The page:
The Pentateuch: 5 Books About God’s Grace

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You’ve heard it before. “The God of the Old Testament was a God of wrath. Things have changed now.” “The Pentateuch is all law. The NT is all grace.”

Cliches like this may be convenient for easily-categorized thought, but are they true? It is a misconception to say that the NT is all grace and OT all law. “Grace” and “Pentateuch” are not oil and water.

If we take a tad closer look at the Pentateuch, we will see that it contains five books filled with God’s grace.

Though many Christians might be familiar with the pentateuchal stories and events, many have missed the sovereign grace of God therein. You need not travel far to find grace. The Seed-Savior promise is a promise of grace (Gen. 3:15). That Adam and Eve don’t perish immediately is grace (cf. Gen. 2:17). God’s handling of Cain is grace (Gen. 4:15). Genesis 5 features grace (e.g. Gen. 5:24). Noah’s cruise is an act of grace. God’s promise to Noah, and the world is grace (Gen. 9:12-16). Being able to eat meat is certainly grace (Gen. 9:3). God’s promise of land, people, and world-blessing is, and would span out to be, grace par excellence (Gen. 12:1-3). God’s grace builds like a tidal-wave throughout Genesis. For the sake of ten righteous people, God would spare sin-saturated cities like Sodom and Gomorrah (Gen. 18:32).

Much of Genesis is the story of the God graciously bearing with a hopeless and helpless people. Abraham—someone like Abraham—is justified by faith alone (Gen. 15:6). Abraham, Isaac, Jacob, and the twelve are hardly moral heroes who valiantly succeeded in securing God’s favor upon his people. God is the sovereign-grace-hero in Genesis. Despite his crafty deceit, Jacob remained under God’s shepherding eye all his days (Gen. 48:15). The dealings with Joseph was the story of sovereign grace upon a twisted people (Gen. 37-50). God is the one who valiantly succeeds in securing the grace and safety of sinners. The remainder of the Pentateuch is no exception.

Much of Exodus concerns sovereign God keeping his promise to Abraham, Isaac, and Jacob, as he extends protecting and redeeming grace to helpless Israel. A few million enslaved, sinful Israelites are miraculously rescued from Egypt for no other reason than God was pleased to extend radical grace in accordance with his grace-promise to Abraham.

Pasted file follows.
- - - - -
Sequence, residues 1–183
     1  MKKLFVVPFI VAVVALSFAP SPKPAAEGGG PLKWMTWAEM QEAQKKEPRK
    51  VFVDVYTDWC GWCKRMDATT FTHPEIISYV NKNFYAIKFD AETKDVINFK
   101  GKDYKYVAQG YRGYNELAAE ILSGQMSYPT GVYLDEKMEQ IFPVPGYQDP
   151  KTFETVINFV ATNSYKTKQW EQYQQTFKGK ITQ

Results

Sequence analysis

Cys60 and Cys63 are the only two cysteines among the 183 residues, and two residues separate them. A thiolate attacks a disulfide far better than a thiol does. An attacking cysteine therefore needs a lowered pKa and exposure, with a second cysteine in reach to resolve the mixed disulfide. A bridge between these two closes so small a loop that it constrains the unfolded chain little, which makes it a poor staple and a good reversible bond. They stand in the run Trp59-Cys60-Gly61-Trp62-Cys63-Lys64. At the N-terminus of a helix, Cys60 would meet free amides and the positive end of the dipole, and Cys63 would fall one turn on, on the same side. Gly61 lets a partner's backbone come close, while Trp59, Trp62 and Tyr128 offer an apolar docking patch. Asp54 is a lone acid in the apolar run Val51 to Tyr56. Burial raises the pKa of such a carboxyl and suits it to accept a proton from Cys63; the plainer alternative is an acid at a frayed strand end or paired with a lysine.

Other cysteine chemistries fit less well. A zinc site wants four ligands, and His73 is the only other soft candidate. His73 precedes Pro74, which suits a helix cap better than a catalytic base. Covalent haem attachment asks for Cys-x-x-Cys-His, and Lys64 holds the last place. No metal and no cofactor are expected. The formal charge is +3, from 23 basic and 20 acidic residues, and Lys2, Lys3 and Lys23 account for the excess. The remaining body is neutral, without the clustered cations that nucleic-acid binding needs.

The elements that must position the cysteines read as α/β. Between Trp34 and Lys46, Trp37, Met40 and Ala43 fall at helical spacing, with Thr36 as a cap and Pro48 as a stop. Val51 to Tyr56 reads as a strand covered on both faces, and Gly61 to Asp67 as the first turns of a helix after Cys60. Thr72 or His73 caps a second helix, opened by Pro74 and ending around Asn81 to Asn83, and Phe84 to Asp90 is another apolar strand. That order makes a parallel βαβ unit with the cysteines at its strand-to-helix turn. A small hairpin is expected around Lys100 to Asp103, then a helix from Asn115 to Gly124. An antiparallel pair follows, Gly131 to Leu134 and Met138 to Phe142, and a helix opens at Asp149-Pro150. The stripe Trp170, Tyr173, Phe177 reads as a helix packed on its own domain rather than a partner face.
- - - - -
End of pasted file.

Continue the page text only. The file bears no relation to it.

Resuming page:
The grace continues in Exodus. Think “God’s grace” when deep in the tabernacle instructions. Why? Though man forfeited the blessing of dwelling in the presence of God (Gen. 3:24), he initiates relationship once again in order to bless sinful man by dwelling in his midst. That is sovereign grace: what could man do to initiate God’s relationship blessing after Eden? “Let them construct a sanctuary for Me, that I may dwell among them” (Exod. 25:8). Exodus concludes with God residing among his people for blessing (Exod. 40:34). The flaming sword is gone and God dwells with his people. And the fact that God decides to even have a people is grace.

Admittedly, this also brings an element of wrath and terror: sinful man cannot safely dwell in the presence of God without proper propitiation. However, in his mercy, God will address this very problem as meticulously explained in Leviticus.

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Leviticus is that portion of the Bible which people usually skip and skim in their Bible reading plan. But don’t miss the grand purpose of all the blood. It’s God’s grace: he is creating a way for sinful man to safely dwell amidst holy God. That’s sovereign grace. Leviticus concerns how the true God—a holy God—has initiated relationship with sinful man, approached him, and prescribed proper worship, so that man might be allowed and enabled to worship God. That’s grace. The blood brings man out from a state of offense before God into acceptance with God (e.g. Lev. 1:4, 4:31, 17:11). Incredible! We should fall down in awe when we come to Leviticus and discover that a God as great as this God is actually allowing sinners as sinful as us to be acceptable to him. Hallelujah!

Think of it. God initiates the relationship. God redeems the people. God constructs an atoning system. God spells out how the system works. God makes all the stuff necessary for the system and supplies it to sinners. God allows monstrous sinners to engage in the system. Grace.